After sitting last year out, EA Canada is finally prepping NHL for its conversion to the new generation consoles. With aged commentary, decaying game modes, and gameplay that was pushing the Xbox 360 and PlayStation 3 to the max, the series was certainly ready for the jump. At the E3 booth, Kim and I finally got our hands on the game to check out the new features.

The most noticeable change is the presentation. Each matchup starts with an overhead shot of the arena and then cuts to the new commentary team, Doc Emrick and Eddie Olczyk, who share some brief thoughts about the teams before cutting away to the game. The real arenas and crowds that feature 9,000 unique fans are also showcased before the puck drops. The player models also look quite different. Kim, what did you think of the game’s new look,?

Kim: I’ve been waiting for EA Canada to make things more realistic, so I liked that it felt as if you were watching an actual game on NBC. The commentary with Doc and Eddie, especially with their opening show analysis felt natural, and it definitely helped that they used live video and not animated recreations of them. I also liked that the arenas now look distinct and match what you’d see, like if you’re playing the Blackhawks at home, it’s clear it’s at the United Center. Before everything just looked the same no matter what team you played as. The fans also are so much more lively. Their overzealous reactions to certain plays are a nice touch. But for all the realism, I wasn’t so hot on the new player models. They don’t look as on par to the real life athletes and are kind of jarring to look at it. I also wish they had more reactions to the game at hand. How’d you feel about it?

Bertz: Yeah, the new player models have an uncanny valley feel to them, don’t they? The game is still in alpha, so they have time to tune the player emotions and get rid of some of the framerate stutters we saw in the cutscenes between the action. The EA booth was loud so it was hard to hear the new commentary, but I really liked the look of the arena. Hardcore fans are decked out in crazy gear like Stanley Cup hats, and you even see obnoxious fans of the opposing team taunting the home crowd. 

Let’s move onto the gameplay, which I thought felt quite different than last year. The skating gives you more control of the puck when rushing up the ice, but any bit of player contact can knock the puck loose. We saw a lot of scrambles, especially when players start piling up in front of the net. The immediate drawback to that is we saw several goalie interferences over the course of one game, some of which were called and others which weren’t. Pucks look like they’re going to deflect more naturally through crowds, and the hitting is very toned down compared to last year. But of all the changes, I think the most startling difference for me was playing defense. Staying glued to an attacker is much tougher, as is the poke check. I found myself backing up a lot to make sure skilled attackers like Kane couldn’t blow past me with one deke, which conversely opens up some longer range shooting opportunities. What were your early takeaways from the demo?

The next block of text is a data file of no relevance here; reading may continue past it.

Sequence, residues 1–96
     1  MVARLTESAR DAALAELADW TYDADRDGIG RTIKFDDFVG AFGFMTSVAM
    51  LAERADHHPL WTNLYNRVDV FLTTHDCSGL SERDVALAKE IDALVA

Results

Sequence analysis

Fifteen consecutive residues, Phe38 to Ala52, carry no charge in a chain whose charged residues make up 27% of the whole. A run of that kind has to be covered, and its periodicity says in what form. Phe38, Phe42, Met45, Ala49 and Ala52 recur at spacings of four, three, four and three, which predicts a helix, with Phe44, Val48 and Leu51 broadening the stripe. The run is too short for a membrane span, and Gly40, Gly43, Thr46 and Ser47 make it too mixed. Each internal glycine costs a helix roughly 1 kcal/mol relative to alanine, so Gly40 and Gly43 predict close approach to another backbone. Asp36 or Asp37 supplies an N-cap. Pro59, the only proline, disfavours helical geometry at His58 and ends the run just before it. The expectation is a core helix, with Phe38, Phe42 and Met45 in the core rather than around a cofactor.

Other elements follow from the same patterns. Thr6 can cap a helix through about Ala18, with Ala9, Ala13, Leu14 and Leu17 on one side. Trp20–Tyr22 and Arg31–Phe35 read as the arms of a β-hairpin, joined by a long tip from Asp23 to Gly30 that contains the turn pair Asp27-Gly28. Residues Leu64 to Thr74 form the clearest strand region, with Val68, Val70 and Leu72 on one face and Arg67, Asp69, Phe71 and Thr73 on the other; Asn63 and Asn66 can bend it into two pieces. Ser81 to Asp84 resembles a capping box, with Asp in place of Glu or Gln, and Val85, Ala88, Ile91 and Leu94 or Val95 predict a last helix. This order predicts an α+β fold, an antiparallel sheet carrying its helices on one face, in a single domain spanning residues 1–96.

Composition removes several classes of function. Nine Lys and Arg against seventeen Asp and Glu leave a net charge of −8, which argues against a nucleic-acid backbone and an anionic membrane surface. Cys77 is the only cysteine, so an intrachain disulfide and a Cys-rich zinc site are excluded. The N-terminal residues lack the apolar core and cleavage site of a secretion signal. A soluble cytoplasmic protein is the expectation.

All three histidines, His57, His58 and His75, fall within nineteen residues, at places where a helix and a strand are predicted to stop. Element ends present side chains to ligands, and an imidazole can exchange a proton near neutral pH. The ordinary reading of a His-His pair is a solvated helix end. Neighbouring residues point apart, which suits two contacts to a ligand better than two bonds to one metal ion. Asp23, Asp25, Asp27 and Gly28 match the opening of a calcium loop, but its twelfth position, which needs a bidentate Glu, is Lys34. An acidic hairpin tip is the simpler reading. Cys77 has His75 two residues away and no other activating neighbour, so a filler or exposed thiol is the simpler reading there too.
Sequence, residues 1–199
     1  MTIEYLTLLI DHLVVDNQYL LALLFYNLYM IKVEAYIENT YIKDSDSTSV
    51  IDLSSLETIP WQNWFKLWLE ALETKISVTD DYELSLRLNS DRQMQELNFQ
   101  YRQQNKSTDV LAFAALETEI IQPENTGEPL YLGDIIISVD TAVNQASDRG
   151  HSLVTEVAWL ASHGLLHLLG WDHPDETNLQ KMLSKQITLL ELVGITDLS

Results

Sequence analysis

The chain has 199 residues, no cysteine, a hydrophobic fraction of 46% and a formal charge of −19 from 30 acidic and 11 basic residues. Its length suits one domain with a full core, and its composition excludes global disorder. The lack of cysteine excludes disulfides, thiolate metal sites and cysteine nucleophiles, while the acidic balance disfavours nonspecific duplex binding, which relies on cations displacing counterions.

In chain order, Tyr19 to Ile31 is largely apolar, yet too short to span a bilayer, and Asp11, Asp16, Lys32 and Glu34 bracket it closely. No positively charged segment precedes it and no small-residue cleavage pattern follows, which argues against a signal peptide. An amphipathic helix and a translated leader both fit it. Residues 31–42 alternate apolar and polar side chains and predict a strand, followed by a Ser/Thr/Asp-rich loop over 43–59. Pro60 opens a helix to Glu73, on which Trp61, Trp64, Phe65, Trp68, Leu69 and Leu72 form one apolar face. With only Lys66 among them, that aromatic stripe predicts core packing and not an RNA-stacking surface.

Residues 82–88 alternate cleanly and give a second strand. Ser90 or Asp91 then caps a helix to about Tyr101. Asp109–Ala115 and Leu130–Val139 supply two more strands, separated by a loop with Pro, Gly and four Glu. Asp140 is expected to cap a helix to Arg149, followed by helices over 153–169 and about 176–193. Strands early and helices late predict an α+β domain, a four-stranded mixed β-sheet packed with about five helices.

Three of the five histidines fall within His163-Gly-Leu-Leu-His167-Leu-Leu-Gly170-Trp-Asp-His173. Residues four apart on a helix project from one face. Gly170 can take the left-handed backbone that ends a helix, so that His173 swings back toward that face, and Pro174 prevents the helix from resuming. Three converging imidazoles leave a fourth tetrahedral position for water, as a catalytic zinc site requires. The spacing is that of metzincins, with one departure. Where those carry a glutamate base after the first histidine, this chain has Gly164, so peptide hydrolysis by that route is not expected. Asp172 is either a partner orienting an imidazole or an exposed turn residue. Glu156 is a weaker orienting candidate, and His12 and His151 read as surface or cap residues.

Kim: I agree about defense. It felt like if my character even made a slight turn in the wrong direction, he was immediately out of position. I played conservatively on defense as it, but in the game, if you even hesitate for a split second, the damage is already done. Players definitely can’t depend on just a checking game this time around. Checks work more for pushing players off the puck by the boards, but lining them up is extremely risky. One thing I noticed was that it wasn’t as easy to keep track of the puck. The puck really does slip and slide around the ice. The action isn’t as predictable and static as previous iterations. As for offense, some of the old tricks work. Shots from the point while the goalie is screened still fare well, as they should. Also, they changed up goal celebrations; this time around you can use the face buttons to activate them. We were told that they’re planning on custom ones for certain players and even team ones. I’d like to see more of those, because they were a nice touch. How’d you feel about scoring? We only played one match, so it was tough to figure out entirely what would work. But I didn’t feel like anything was a sure thing. To deke with the puck is a little different this time around, so I blew a bunch of breakaways. Think I’m going to have to practice that a bit. The puck also bounces off players in new ways, that could make for some interesting goals. We see that happen a lot in the NHL.

Bertz: I agree that it’s really difficult to analyze the scoring after playing one game, but the biggest thing I noticed in the offensive zone were the loose pucks and player’s reactions to them. It’s not a given that they’ll locate the puck whether they are facing it or not, and players at the blue line aren’t as quick to transition from skating backward to pinching at the blue line; it seems to take a moment for them to gather their momentum. 

Look for more information on NHL 15 gameplay and a discussion about the game modes as we move closer to its September 9 release date.